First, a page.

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Get Google AJAX Search on Your iPhone

If you’ve owned an iPhone since the launch, you’ve probably started to run out of cool things to use it for. Never fear, Google is showing off a new search interface for the iPhone that uses the AJAX Search API. Simply point your iPhone to http://www.google.com/uds/samples/iphone/isearch.html.

Be warned, its just a demo and not an official Google product, so don’t complain if it doesn’t work perfectly (at least not to Google).

Hat-tip.

Nokia Acquires Twango to Boost Mobile Content

Nokia has announced the acquisition of Twango a service for sharing and organizing photos, videos and other media. With the company heavily investing in mobile web access products, such as the Nseries of phones, the acquisition of Twango will ensure that consumers will be able to make full use of Nokia’s multimedia devices.

“The Twango acquisition is a concrete step towards our consumer Internet services vision of providing seamless access to information, entertainment, and social networks – at any time, anywhere, from any connected device, in any way that you choose. We have the most complete suite of connected multimedia experiences including music, navigation, games, and – with the Twango acquisition – photos, videos, and a variety of document types,” said Anssi Vanjoki, Executive Vice President and General Manager, Multimedia, Nokia.

Google Invests in High Resolution Camera Company

image-america Google’s demonstrated their commitment to photographing every inch of the planet, with their announced acquisition of ImageAmerica. The company builds high resolution cameras for the collection of aerial imagery, according to the Google Lat Long blog.

CNET dug up some further background on the company:

…ImageAmerica specialized in creating aerial photos with “accuracy, quick delivery and low cost,” selling primarily to city, county, state and federal governments and to corporate customers. In addition to developing its DDP-2 (Direct Digital Panoramic) camera system, the company has its own aircraft to house it. The high-resolution camera can capture details as small as 6 to 12 inches, and the company’s processing system can produce orthorectified imagery that’s been corrected for perspective distortions.

I know what you’re thinking – “What the heck does orthorectified mean?”

Google Serves Consumer’s and Own Interests with FCC Bid

Google CEO Eric Schmidt has sent a letter to the FCC with a $4.6 billion bid for the upcoming 700MHz wireless spectrum – but only if the FCC adopts four proposals from the search engine.

Google’s offering to submit the FCC’s minimum bid, conditional on all four of the following platforms being adopted:

  • Open applications: consumers should be able to download and utilize any software applications, content, or services they desire;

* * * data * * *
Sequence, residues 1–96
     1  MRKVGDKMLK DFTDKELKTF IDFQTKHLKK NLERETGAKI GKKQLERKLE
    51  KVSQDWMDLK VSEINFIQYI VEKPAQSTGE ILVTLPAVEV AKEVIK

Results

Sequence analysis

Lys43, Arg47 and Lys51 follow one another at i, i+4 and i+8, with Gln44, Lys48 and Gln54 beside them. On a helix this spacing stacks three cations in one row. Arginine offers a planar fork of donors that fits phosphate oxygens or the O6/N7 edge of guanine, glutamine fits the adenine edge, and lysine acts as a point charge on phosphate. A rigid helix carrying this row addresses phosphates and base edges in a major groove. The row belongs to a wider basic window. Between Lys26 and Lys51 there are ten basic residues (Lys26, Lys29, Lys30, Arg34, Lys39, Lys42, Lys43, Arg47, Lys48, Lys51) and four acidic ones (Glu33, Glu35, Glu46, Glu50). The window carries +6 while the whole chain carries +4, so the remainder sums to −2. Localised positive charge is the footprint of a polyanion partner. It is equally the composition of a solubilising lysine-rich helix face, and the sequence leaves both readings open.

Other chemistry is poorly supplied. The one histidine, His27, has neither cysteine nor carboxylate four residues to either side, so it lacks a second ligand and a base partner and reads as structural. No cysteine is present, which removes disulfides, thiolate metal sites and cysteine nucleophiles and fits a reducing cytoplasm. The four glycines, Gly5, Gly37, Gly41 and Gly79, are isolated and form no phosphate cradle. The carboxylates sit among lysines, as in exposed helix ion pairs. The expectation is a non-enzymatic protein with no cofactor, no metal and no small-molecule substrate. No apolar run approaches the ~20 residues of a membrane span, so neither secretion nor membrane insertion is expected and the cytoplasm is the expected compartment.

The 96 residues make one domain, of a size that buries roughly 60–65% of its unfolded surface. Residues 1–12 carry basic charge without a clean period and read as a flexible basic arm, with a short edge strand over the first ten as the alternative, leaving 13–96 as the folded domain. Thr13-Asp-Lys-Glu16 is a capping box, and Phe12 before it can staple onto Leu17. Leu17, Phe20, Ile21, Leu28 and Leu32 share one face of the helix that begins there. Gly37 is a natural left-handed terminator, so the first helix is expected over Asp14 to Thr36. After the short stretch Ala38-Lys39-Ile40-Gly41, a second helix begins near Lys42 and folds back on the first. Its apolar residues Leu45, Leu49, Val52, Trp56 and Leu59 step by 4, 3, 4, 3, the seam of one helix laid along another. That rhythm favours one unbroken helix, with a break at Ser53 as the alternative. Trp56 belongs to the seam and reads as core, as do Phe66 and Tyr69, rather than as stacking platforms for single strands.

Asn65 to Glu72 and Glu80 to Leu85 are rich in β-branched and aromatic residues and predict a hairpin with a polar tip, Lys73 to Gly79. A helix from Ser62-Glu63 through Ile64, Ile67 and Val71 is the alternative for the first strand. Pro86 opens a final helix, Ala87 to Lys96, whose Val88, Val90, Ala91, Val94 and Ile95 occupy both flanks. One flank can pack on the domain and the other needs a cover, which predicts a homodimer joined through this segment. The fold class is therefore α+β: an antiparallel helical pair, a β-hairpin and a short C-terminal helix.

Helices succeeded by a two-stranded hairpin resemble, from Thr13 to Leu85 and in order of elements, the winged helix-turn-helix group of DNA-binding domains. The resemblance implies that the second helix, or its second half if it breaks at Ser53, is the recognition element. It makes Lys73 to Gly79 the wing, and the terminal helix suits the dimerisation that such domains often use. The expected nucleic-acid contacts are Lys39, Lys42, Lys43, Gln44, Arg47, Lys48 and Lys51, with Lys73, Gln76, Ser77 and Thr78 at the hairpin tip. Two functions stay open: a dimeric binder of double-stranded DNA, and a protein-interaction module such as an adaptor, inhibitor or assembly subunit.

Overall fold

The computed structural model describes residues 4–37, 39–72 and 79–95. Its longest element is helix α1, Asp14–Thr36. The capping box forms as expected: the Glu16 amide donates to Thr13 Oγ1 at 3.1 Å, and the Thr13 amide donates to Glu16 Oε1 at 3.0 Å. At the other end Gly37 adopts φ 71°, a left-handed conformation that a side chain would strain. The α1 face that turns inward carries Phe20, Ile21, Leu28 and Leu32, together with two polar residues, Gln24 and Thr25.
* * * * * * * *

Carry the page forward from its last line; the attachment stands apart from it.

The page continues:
• Open devices: consumers should be able to utilize their handheld communications device with whatever wireless network they prefer;
  • Open services: third parties (resellers) should be able to acquire wireless services from a 700 MHz licensee on a wholesale basis, based on reasonably nondiscriminatory commercial terms; and
  • Open networks: third parties (like Internet service providers) should be able to interconnect at any technically feasible point in a 700 MHz licensee’s wireless network

Local Businesses Need Online Reputation Management Too!

If you think it’s only large businesses that need to worry about their online reputation, the Wall Street Journal wants to remind you otherwise. They take a look at the effects of negative reviews on small businesses and give an example of a spa owner who discovered she had a 2 1/2 star rating on Yelp.com.

Using Yelp’s email system, she typed out messages to each downbeat reviewer to find out more about what went wrong — and to try to make it right. And she sent a thank you to the happy customer. Then she added to her email newsletter a note encouraging regular clients to get online and share their good experiences. Several stressful months later, the spa’s rating had climbed to an acceptable four stars.

Mobile Email: Skimmed While Driving?

Among US mobile email users, as reported today from ExactTarget’s “E-Mail Marketing for the Small Screen” by eMarketer Daily, there should definitely be a higher mortality rate: 39% of them read their email while driving. In all honesty, I have attempted to text message while driving—sufficeth it to say this is not a good idea.

39% of them also read their email while talking on the phone, 40% in the restroom, and 61% during a meeting or class. Such manners!

The study also found that almost 90% of mobile email users skimmed their emails on their phones, only to read them in full or delete them from their computers. 54% had followed a link in a mobile email and 20% had used their phones to make an online purchase—which, considering the adoption rate, is pretty encouraging..

Facebook Users into Text Messaging

Find your potential customers where they are now: text messaging. Greg Sterling initiated a straw poll on Facebook last night. He reported his findings on Local Mobile Search:

  • I just make calls: 10%
  • I mainly text message people: 9%
  • I call and text message people: 68%
  • I call, text and surf the mobile Internet: 14%

The gender and age breakdown was as follows:

  • Female: 91% — this is interesting
  • Male: 9%
  • 13-17: 40%
  • 8-24: 55% — the core demographic of Facebook [if you want to be technical, less than 30% of Facebook is in this group; the largest age demographic on Facebook is the "35+" category, with nearly 40% of its unique visitors, like we reported last week]
  • 25-34: 4%